20 years under Putin: a timeline

The 109th Annual Meeting of the American Political Science Association (APSA) has taken place in Chicago, IL. Scholars addressed a broad spectrum of issues, including a number of topics relating to Russia. IMR Advisor Boris Bruk participated in the meeting.



As part of the discussion on the politics of communist and former communist countries, IMR Advisor Boris Bruk spoke about his research on the topic of “soft power” versus external propaganda. The term “soft power” is a relative newcomer to Russian official discourse. According to government officials, their current interest in “soft power” does not constitute an attempt to engage in Soviet-style propaganda; however, one can draw significant similarities between current “soft power” techniques and propaganda efforts undertaken during the Soviet era. Such comparisons are supported by the revived cold war rhetoric in Russia.

That said, there is an important difference: The essence of “soft power” is persuasion by means of attraction, while propaganda mostly involves persuasion through manipulation and control. Despite the existence of significant resources, it would be hard to claim that Russia holds a high level of attractiveness to the outside world. The reason for this can be traced to a range of state decisions and policies that either contradict the image Russia is trying to project, or make Russia a target of sharp criticism from audiences abroad (including those at whom the tools of persuasion are aimed). Importantly, information is not digested in a vacuum; the interpretation of information typically engages a broader context. In this regard, China’s experience is quite illustrative, as it demonstrates that state efforts to advance “soft power” can be rendered ineffective if there is a contradiction between the intended image and reality, or if the political context in the country is negative.

One of the topics explored by Timothy Frye, Director of the Harriman Institute and Political Science Professor at Columbia University, was how the political turmoil following the Russian parliamentary elections of December 4, 2011, and the ensuing mass protests, influenced firms’ investment decisions. As part of the research, over 900 managers in fifteen regions were surveyed before and after the elections. The findings suggest that in authoritarian regimes, political uncertainty does not play a significant deterrent role in investment decision-making. In fact, the opposite may be true; firms can actually demonstrate increased intentions to invest. Moreover, despite the common conception that firms are mostly apolitical, their political preferences can play an important part in this decision-making process.

State efforts to advance “soft power” can be rendered ineffective if there is a contradiction between the intended image and reality.

Alena Ledeneva, Professor of Politics and Society at the University College London, refers to the governance model shaped during the Putin administration as “the system.” This model is not exclusively based on a vertical power structure, but includes power networks, informal agreements, and unwritten rules. According to Fred Eidlin, Professor of Political Science at the University of Guelph (Canada), “the system” is the major problem hindering the development of the Russian state. Referring to Ledeneva’s work, Eidlin pointed out that in many cases, in order to solve the issues faced by “the system,” the personal involvement of Vladimir Putin or his “best friends” is required. If this involvement does not occur, the mechanism does not work.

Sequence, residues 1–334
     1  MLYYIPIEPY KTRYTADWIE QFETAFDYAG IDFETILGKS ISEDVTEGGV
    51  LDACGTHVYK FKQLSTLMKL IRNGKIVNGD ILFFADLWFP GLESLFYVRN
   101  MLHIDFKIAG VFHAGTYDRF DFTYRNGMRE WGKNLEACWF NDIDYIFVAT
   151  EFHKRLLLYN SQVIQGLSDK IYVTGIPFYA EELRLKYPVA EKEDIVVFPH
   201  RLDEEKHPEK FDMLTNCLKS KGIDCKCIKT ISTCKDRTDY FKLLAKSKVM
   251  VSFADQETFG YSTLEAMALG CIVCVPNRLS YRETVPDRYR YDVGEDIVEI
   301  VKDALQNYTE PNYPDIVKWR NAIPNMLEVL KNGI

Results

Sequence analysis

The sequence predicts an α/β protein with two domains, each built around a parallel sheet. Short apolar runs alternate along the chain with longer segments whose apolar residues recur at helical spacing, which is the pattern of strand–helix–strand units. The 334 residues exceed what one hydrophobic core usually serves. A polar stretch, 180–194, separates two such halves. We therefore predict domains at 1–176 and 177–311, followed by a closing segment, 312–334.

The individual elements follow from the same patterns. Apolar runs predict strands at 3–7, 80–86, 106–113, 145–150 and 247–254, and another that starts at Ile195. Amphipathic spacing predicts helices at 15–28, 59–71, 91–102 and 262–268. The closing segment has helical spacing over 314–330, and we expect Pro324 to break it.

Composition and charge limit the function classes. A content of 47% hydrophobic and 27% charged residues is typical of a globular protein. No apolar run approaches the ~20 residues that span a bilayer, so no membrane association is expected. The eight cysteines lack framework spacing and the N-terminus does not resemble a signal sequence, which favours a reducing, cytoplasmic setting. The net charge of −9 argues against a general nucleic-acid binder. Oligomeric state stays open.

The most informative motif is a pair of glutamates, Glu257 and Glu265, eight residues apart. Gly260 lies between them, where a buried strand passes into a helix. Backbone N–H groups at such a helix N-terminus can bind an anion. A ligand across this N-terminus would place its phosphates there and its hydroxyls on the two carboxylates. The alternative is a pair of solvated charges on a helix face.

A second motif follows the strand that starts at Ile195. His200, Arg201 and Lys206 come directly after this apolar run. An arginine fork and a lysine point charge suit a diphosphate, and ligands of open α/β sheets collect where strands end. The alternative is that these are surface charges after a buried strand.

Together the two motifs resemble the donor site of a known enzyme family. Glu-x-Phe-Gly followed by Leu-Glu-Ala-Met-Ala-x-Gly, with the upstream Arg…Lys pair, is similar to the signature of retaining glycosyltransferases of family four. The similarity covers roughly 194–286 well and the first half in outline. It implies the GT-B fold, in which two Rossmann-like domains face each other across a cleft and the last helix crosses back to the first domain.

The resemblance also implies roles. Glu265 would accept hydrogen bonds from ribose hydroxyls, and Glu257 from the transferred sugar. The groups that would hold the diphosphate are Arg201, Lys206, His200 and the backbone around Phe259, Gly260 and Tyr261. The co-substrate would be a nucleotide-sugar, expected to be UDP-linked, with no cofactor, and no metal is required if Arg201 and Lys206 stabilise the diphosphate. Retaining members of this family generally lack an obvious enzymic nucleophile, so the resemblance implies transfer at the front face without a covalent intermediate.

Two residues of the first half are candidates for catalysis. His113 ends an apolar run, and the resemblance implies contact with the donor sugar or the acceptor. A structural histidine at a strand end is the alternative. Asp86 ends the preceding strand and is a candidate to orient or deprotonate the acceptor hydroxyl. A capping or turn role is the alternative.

A much more pessimistic picture of today’s Russia was presented by Mikhail Molchanov, Professor of Political Science at St. Thomas University, Canada. According to Molchanov, Russia is clearly heading in the wrong direction. To support his argument, Molchanov focused on a number of specific indicators. According to the Global Competitiveness Index (GCI) of the World Economic Forum, Russia has a GCI of 67, positioning it lower than such countries as Kazakhstan, Azerbaijan, and all the Baltic states. Out of a sample of 144 countries, Russia is ranked 122nd in the category of judicial independence, 133rd in property rights, 124th in efficiency of legal framework in settling disputes, and 133rd in reliability of police services. In the Index of Economic Freedom, it is ranked 139th out of 184 countries. Freedom House currently categorizes Russia as “not free.”

Additionally, Russia is currently ranked 55th in the United Nations Development Program’s Human Development Index, below such countries as Montenegro, Uruguay, and Belarus. Russia currently holds a leading position in income inequality. In terms of safety, the situation is also very bad: fewer than 40 percent of Russians feel safe when outside at night. It is also among the top three “leaders” in homicide rates. According to Molchanov, Russia is often called “the feudal state”: an analysis of fifty Russian newspapers and magazines published between January 2000 and May 2006 showed that the current Russian regime elicited references to “feudalism” 892 times.

The quality, reliability, validity, and biases of all these research findings can be debated. It is difficult, however, to deny what has become increasingly obvious: Russia currently has a substantial number of shortcomings, and in order to solve the problems that have accumulated, systemic change is needed as soon as possible.